Posted by: Dr Pano Kroko Churchill | April 18, 2011

Butterfly systemic risk

In case you haven’t noticed, wheat prices are steadily rising.

The only other commodity that follows this meteoric rise of wheat is — wait for it — gold.

Yet bullion’s peak price rise curve is now lagging well behind the wheat price rise and certain other grains rising price curves.

And gold is at record prices. Wheat is not.

But wheat may reach peak one year or one growing season behind gold, based on historical trends. As a matter of fact most other grains and staples are skyrocketing also.

That and the constant increases in the price of rice in China fuels fears of revolution and inflation is a no brainer.

But that this also happens in Japan is a more complex econometric equation.

And the countries respond differently to the crisis also.

Japan’s agriculture is potentially ravaged for many years, due to radiation and the increased price of rice will naturally reflect that, is a non-sequitur because of the surpluses that Japan has built as reserves.

But exports of Japanese rice will surely fall and still the price of rice will rise dramatically – never mind that large parts of the country’s agricultural land is now irradiated.

China on the other hand has got very little in the way of rice reserves. Is that a consumerist or a communist folly? But they’ve woken up and started buying reserves fast, thereby contributing to the problem they are trying to address.

How is that for an oxymoron?

Still here things aren’t as dramatic because the Japanese are saved by the mountains of rice the Ministry of Rice has accumulated for the ”seven lean” years…. to come, and China has the cash reserves to be able to afford the mountains of rice it needs to feed it’s people.

That’s wisdom…


Maybe because the world is on the verge of a global food crisis or not… And the Ministry has seen that because surely they couldn’t have foreseen the tsunami nor the nuclear plant meltdown in Fukushima. These are top notch bean counters and risk disaster analysts. So please, don’t discount their prescience… because they have been far better at recognizing and preparing for systemic risk than the Wall Street and the City bankers ever had.

And at some point, this crisis will affect everyone, including you and your family too.

Look at North Africa and the Middle East. Almost everyone rushed to excitement thinking that these revolutions are a Democratic manifestation of Internet tools of communications with Twitter and Facebook and all taking the credit… In reality the food price hikes are the reason these revolts took hold and blossomed as people at the top became richer and the bottom simply couldn’t afford to eat or simply felt that the coming food crises required a more suitable representative government to sort it out. And that is the future butterfly effect when the people see the history coming and decide to do something about it. Very prescient crowd sourcing that is…

And it’s an issue as old as the Nile and the frequent overthrows of the Pharaohs who failed to heed the people’s well being. And maybe we learn something here too for the most developed societies too. Because although the reasonable capitalist banker wankers manage to export the phenomena of collapse, to the peripheral geographies, the chicken have a way of coming home to roost eventually. Maybe the poverty rates will skyrocket in the ”PIIGS” economies and their people will suffer just as surely as the bottom of the pyramid ones in the third world, but the impact will be felt more severely in the first world. After all the higher they are the harder they fall — or so goes the old saw.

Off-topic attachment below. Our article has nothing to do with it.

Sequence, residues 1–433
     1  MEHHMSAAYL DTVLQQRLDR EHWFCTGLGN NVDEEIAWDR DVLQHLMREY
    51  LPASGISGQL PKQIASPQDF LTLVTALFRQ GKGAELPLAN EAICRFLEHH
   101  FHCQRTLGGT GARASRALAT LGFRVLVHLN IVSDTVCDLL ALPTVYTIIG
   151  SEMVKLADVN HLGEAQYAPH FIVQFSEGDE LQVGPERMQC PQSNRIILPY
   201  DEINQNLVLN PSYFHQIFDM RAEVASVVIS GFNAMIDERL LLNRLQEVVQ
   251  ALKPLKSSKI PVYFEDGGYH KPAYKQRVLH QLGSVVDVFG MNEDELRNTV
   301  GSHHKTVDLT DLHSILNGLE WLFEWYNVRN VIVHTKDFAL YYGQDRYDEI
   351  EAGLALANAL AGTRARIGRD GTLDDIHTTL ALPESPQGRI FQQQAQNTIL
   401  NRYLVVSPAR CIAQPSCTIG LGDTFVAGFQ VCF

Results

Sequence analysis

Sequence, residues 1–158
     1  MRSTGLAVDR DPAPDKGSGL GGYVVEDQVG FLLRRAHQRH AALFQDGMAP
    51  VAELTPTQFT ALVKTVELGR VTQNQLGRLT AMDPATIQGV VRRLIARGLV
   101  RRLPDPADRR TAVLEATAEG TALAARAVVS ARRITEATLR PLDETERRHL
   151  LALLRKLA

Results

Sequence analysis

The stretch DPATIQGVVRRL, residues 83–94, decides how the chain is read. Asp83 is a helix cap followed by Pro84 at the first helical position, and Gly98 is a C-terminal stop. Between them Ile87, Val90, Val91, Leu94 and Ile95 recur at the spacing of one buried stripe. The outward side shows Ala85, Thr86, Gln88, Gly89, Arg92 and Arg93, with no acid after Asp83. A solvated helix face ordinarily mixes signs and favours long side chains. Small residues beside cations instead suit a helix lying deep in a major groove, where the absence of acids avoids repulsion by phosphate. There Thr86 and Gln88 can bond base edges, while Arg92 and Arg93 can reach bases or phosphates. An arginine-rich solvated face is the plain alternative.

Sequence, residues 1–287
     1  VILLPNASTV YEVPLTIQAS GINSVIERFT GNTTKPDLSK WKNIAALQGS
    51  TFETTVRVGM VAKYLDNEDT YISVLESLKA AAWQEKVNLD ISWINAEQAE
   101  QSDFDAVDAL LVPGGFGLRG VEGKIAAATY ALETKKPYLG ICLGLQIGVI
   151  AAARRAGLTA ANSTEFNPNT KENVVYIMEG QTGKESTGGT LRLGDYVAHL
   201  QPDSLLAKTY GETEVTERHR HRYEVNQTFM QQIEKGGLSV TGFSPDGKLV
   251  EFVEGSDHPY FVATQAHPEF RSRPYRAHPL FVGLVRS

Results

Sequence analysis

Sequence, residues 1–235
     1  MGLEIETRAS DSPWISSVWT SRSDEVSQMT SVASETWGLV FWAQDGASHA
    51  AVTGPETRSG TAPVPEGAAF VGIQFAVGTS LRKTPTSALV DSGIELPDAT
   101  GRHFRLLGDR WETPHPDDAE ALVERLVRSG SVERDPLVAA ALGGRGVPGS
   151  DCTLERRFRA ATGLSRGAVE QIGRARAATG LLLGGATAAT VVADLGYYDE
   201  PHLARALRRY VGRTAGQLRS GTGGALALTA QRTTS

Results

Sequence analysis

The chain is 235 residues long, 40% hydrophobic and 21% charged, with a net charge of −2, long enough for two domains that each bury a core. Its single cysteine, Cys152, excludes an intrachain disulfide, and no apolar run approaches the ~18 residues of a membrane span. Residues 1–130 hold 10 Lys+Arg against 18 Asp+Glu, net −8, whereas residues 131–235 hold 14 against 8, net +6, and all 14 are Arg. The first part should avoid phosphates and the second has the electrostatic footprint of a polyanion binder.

So rest assured, these things will affect you too. No matter how insular your Life seems to be. These things tend to multiply in unseen ways and the butterfly effect from China and Japan or South Sudan, might just get you in sunny Manhattan and in wet City of London too.

Certainly You will be affected, no matter how wealthy you might be or how insured you feel from the global effects of a runaway food crisis and the resultant negative and few positive effects.

It may not be today, and it may not be tomorrow, but it is going to happen.

Crazy weather and horrifying natural disasters have played havoc with agricultural production in many areas of the globe over the past couple of years.

Meanwhile, the price of oil has begun to skyrocket too.

The entire global economy is predicated on the ability to use massive amounts of inexpensive oil to cheaply produce food and other goods and transport them over vast distances.  Without cheap oil the whole game changes.

But we can’t decouple the economy from the environment yet either… and the warming planet throws us for a loop.

Because topsoil is being depleted at a staggering rate and key aquifers all over the world are being drained at an alarming pace.  Freak storm weather has increased by a factor of ten. The regular Monsoon and the El Nino effect have gone nuts and their regularity is by no means guaranteed anymore. Drought alternated with floods and little in between does not make for a Farmer’s almanac type of weather.

And on the Chicago Mercantile exchange we see the same as we see across the Mercantile exchanges from Shanghai to Minsk and from Canberra to London: Global food prices are already at an all-time high and they continue to move up aggressively.

So what is going to happen to our world when hundreds of millions more people cannot afford to feed themselves?

According to the World Bank, 44 million people around the globe have been pushed into extreme poverty since last June because of rising food prices

Most Americans and Western Europeans are so accustomed to large hypermarkets — absolutely packed to the gills with massive amounts of really inexpensive food — that they cannot even imagine that life could be any other way.

Fortunately or unfortunately, that era is ending.

Times are a-changing…